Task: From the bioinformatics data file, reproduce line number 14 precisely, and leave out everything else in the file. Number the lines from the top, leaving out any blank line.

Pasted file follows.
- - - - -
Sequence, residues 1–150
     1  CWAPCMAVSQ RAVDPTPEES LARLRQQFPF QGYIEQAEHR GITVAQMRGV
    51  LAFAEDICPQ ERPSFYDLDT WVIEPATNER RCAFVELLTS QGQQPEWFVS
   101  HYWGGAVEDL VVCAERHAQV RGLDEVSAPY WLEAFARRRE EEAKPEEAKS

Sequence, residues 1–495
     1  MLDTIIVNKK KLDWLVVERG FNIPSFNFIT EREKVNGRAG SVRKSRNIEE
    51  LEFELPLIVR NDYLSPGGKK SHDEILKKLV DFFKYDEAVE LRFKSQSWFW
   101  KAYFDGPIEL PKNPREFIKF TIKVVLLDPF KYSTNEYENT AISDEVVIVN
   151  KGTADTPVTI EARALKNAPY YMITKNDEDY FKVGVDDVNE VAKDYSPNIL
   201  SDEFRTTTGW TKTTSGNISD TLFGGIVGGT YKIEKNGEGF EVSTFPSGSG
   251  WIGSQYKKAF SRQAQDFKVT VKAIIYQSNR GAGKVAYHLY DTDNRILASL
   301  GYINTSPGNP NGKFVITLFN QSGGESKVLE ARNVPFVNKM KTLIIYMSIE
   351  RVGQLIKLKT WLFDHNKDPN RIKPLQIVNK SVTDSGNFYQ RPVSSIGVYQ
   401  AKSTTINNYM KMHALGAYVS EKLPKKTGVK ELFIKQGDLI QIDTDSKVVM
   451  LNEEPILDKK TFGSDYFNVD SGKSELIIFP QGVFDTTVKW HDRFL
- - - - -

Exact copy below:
   401  AKSTTINNYM KMHALGAYVS EKLPKKTGVK ELFIKQGDLI QIDTDSKVVM